- Lavish lifestyle of customers, which should not be supported by present income
- Customers with multiple accounts
These “red flags” were evident in the Scott Rothstein Ponzi scheme in Florida. Coquina Investments (“Coquina”) sued the perpetrator and TD Bank (TD)—Rothstein’s bank. Although Coquina’s claim was aiding and abetting, the “red flags” that it details are very illustrative of what bank employees should be on the lookout for.
Coquina claimed that Mr. Rothstein was only able to perpetrate the Ponzi scheme due to the involvement and prestige of TD Bank. Coquina’s claim was bolstered by Mr. Rothstein statements. In what has to be one of the most unwelcome testimonials ever, Mr. Rothstein testified in a deposition that on a scale of 1 to 10, that TD was a 10 in the amount of assistance that he received – he could not have done it without them in other words. Some of this “assistance” included
- The bank’s own money laundering software issued 21 “red flags” for the Rothstein accounts but no SAR were filed
- TD allowed Rothstein to meet his investors in TD conference rooms
- TD employees would provide letters, which Rothstein’s office wrote, on its letterhead to Rothstein during the meetings
- Some of these letters provided to investors on TD letterhead stated that certain accounts had been “locked” although TD had no system or way to “lock” accounts
- TD allowed Rothstein to transfer millions of dollars between accounts without question, including in October 2009 when almost $500 million went through the account
- Rothstein had regular overdrafts from his firm’s trust account, which although illegal under Florida law, were never reported
- TD executives met with investors to underscore the safety of their investments
The result of this “assistance” was a $67 million judgment against TD. (In this decision’s aftermath, TD paid out tens of millions of dollars more to settle some of the other pending matters stemming from Rothstein.) TD continues to appeal, but regardless of any final decisions, the Rothstein Ponzi scheme will costs it tens of millions of dollars and a have deleterious effect on its reputation.
What can I do to protect my bank?
The first line of defense is the education and training of your employees, especially those that are in personal contact with the customers. They need to be on the lookout for “red flags” and other suspicious behavior. To help the front line employees, the bank should not only have a strong “Know Your Customers” policy but the employees should be trained in it. These policies help the bank understand the potential customer, his or her business, and the types of transactions associated with it. In so doing, the bank will be able to create a good customer transaction profile.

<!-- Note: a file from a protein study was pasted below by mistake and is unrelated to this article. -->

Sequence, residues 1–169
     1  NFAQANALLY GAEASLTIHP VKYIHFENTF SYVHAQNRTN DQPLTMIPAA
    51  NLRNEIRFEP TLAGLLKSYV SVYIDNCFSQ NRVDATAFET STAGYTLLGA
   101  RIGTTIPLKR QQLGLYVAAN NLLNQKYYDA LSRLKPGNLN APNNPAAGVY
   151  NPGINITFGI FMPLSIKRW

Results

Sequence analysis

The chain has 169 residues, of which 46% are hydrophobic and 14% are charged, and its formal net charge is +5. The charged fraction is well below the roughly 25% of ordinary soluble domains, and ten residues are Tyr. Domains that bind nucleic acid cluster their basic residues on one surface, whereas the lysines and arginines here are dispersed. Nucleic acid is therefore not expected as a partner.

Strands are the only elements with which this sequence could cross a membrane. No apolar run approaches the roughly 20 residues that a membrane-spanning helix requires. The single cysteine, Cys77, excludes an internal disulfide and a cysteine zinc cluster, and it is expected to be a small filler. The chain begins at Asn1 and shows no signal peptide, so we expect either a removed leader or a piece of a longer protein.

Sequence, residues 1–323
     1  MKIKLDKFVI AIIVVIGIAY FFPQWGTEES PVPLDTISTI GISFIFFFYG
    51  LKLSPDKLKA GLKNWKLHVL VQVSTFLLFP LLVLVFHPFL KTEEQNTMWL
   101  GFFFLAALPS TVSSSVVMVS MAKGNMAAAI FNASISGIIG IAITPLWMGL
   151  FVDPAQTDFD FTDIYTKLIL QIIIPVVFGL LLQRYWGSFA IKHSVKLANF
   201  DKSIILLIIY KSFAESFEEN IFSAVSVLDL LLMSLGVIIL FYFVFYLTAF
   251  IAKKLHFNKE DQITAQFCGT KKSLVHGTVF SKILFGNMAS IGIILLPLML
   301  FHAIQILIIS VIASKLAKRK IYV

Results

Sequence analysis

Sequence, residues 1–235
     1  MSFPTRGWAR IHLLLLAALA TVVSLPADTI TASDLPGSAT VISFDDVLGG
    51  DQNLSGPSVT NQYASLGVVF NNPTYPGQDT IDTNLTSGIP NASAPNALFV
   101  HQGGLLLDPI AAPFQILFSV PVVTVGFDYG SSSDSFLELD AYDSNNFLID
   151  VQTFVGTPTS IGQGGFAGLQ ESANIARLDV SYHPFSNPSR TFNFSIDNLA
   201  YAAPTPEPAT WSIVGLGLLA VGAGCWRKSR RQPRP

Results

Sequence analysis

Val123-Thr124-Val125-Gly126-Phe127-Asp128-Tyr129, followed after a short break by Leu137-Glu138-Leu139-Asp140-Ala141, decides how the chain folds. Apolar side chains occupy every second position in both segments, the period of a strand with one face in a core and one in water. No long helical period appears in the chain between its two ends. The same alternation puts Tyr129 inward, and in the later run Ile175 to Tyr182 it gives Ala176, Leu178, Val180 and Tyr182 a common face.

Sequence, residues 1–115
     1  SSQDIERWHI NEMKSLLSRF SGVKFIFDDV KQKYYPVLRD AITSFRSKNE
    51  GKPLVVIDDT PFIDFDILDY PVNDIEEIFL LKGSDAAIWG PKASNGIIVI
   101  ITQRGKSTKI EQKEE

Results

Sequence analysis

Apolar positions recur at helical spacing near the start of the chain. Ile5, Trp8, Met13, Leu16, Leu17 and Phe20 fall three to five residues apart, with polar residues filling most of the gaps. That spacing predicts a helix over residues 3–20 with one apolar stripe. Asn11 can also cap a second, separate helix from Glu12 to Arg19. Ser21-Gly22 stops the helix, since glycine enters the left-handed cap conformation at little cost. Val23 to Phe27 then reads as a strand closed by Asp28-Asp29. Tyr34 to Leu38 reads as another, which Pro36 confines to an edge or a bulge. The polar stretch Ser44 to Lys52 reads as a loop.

Procedure should be followed, with few exceptions. All bank employees, from retail to executive management should follow bank procedure as to their customers. The customers or their requests may appear to be legitimate, but appearances can be deceiving. Any history of exceptions or special treatment for an operator of a Ponzi scheme could be a death nail to a bank trying to defend itself from the victims.
If bank management becomes aware of or suspects potential fraud, then additional steps should be taken. First, the Bank should consider filing a Suspicious Activity Report as to its suspicions. Furthermore, the bank may wish to take steps to terminate its relationship with the customer. Regardless of the veracity that by allowing the relationship to continue you are in some way assisting in the scam, the bank is definitely putting its reputation at stake by keeping the customer. By terminating the relationship, the reputational risk to the bank is minimized and a culture of compliance and risk control is enhanced
Finally is the bank’s culture. It must be one of vigilance, control of risk, protecting the bank and its reputation, and recognizing that not every customer is one that the bank should want. Just ask all these banks that are writing checks for the misdeeds of their customers.
In conclusion, my Willie Sutton paraphrase is true but incomplete. You may not be sued only because you have money, but it could be you have liability too.